The amendments will affect in particular crew members and owners of ships flying the Estonian national flag and holding a maritime labour certificate, and the Estonian Maritime Administration. At the same time, the proposed amendments will have little impact because all ships holding a maritime labour certificate and flying the Estonian flag have P&I liability insurance, which covers the costs related to the repatriation and abandonment, and the injuries or death of crew members.
The Maritime Labour Convention was adopted on 23 February 2003 with the aim of establishing uniform principles to ensure decent working and living conditions for all seafarers. The Riigikogu ratified the Maritime Labour Convention on 23 February 2016, and it entered into force for the Republic of Estonia on 5 May 2017. Ninety-two member states of the ILO have ratified the Convention.
Two Bills were dropped from the proceedings of the Riigikogu:
The Bill on Amendments to the Environmental Charges Act (41 SE), initiated by the Social Democratic Faction. According to the Bill, at least 25 per cent of the environmental charges received into the state budget were intended to be distributed to the Ida-Viru County programme and the implementation of the activities specified therein. According to the explanatory memorandum, the amendment would bring around 20 million additional euro a year to the region.
The explanatory memorandum notes that the Ida-Viru County oil shale sector pays to the state the majority of the environmental charges accrued into the state budget, but that is not improving the local living environment as a whole in Ida-Viru County at present. Estonian oil shale industry companies pay an estimated average of 70% of all environmental charges.
During the debate, Peeter Ernits (Estonian Conservative People’s Party) took the floor. On behalf of the faction, he moved to reject the Bill at the first reading.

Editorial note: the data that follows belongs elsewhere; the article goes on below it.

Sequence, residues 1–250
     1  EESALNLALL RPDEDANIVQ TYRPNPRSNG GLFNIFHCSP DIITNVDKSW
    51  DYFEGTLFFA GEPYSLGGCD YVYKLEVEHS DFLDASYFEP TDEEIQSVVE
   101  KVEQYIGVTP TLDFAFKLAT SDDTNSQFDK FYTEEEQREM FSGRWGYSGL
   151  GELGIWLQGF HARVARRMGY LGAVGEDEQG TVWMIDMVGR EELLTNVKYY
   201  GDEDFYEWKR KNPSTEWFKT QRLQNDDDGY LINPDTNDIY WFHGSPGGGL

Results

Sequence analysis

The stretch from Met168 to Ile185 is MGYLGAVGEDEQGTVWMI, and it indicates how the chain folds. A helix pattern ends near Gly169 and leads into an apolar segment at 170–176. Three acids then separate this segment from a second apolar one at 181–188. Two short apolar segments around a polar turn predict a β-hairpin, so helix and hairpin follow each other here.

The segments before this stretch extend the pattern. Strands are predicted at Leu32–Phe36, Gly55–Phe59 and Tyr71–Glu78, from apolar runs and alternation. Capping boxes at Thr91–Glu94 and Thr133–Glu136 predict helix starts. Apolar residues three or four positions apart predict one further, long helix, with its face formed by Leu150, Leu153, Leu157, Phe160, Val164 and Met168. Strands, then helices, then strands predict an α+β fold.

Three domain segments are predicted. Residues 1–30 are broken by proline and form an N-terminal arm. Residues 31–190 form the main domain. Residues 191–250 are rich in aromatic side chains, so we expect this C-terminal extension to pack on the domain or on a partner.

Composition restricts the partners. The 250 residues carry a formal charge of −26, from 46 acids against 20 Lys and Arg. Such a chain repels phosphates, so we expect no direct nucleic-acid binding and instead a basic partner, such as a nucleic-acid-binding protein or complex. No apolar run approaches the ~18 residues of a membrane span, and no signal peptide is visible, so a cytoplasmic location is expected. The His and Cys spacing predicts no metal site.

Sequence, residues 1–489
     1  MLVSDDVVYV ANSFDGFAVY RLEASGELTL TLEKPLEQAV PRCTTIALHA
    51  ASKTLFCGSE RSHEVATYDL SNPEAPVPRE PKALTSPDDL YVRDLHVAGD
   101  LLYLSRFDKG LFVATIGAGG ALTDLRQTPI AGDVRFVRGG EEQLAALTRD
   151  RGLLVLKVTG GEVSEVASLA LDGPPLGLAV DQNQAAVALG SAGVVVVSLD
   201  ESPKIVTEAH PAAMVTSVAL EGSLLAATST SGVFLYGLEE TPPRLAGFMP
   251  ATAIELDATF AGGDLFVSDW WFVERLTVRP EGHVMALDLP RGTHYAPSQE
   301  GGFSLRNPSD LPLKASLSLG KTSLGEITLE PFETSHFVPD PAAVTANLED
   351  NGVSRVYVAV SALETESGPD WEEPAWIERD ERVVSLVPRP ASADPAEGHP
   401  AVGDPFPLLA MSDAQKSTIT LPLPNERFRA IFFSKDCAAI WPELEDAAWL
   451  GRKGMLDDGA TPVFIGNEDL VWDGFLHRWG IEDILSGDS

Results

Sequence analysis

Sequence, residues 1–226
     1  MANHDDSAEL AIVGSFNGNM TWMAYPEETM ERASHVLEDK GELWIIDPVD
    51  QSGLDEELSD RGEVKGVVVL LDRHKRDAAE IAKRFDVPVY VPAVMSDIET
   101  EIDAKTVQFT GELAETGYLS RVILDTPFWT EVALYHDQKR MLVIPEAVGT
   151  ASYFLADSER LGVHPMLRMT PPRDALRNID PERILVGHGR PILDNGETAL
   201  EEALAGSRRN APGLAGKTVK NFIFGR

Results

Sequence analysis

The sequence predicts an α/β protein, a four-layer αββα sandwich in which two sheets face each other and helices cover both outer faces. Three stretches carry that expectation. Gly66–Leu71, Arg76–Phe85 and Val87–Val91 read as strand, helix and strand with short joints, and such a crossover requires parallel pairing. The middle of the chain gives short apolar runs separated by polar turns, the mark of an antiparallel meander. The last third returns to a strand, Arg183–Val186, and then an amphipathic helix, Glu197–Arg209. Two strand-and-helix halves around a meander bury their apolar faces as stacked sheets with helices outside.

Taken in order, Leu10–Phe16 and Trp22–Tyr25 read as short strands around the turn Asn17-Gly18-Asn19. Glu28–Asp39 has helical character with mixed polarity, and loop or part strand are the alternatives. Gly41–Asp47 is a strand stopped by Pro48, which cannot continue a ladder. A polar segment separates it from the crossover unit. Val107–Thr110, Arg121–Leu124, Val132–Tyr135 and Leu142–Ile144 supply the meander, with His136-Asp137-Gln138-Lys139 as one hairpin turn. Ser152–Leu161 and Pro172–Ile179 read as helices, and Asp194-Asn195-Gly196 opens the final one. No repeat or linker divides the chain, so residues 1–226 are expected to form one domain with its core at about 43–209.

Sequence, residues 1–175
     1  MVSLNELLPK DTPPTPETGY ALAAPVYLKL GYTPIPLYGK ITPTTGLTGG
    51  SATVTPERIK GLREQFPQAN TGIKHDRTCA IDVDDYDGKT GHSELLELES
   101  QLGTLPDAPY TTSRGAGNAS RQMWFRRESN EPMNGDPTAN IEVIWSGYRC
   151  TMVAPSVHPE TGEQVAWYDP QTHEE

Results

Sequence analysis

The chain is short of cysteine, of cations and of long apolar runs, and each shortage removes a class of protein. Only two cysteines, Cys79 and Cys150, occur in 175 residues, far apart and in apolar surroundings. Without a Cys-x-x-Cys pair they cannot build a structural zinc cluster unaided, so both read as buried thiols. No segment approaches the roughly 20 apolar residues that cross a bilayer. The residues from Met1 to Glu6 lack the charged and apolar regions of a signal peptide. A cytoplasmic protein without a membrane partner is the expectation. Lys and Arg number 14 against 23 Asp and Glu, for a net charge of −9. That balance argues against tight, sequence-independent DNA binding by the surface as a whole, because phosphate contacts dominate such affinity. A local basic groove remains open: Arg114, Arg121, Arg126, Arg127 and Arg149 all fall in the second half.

51 members of the Riigikogu voted in favour of the motion and 31 were against. Thus, the motion was supported and the Bill was dropped from the legislative proceedings.
The Bill on Amendments to the Citizenship Act (40 SE), initiated by the Social Democratic Party Faction, was intended to provide for the possibility to apply for Estonian citizenship by naturalisation to children of under 15 years of age who were born in Estonia and whose parent or parents either have undefined citizenship or are third country nationals and resided permanently in Estonia before 20 August 1991. The Bill will abandon the requirement of a residence permit of a long-term resident as a condition for applying for Estonian citizenship. The requirement that the applicant stay in Estonia legally on the basis of a residence permit or right of residence will be maintained.
During the debate, Jevgeni Ossinovski (Social Democratic Party) took the floor and called on to support the Bill.
Faction Isamaa moved to reject the Bill at the first reading. 74 members of the Riigikogu voted in favour of the motion and nine were against. Thus, the motion was supported and the Bill was dropped from the legislative proceedings.
The deliberation of the first reading of a Bill was adjourned due to the end of the working hours of the plenary:
The Bill on Amendments to the Citizenship Act (37 SE), initiated by the Reform Party Faction, will allow multiple citizenship for Estonian citizens who have acquired Estonian citizenship by birth. The Bill also provides for the possibility of resumption of Estonian citizenship for persons who acquired Estonian citizenship before 26 February 1992 but who were forced to renounce it or were deemed to have ceased to be an Estonian citizen.
Video recordings of the sittings of the Riigikogu can be viewed at https://www.youtube.com/riigikogu
(The recording will be uploaded with a delay.)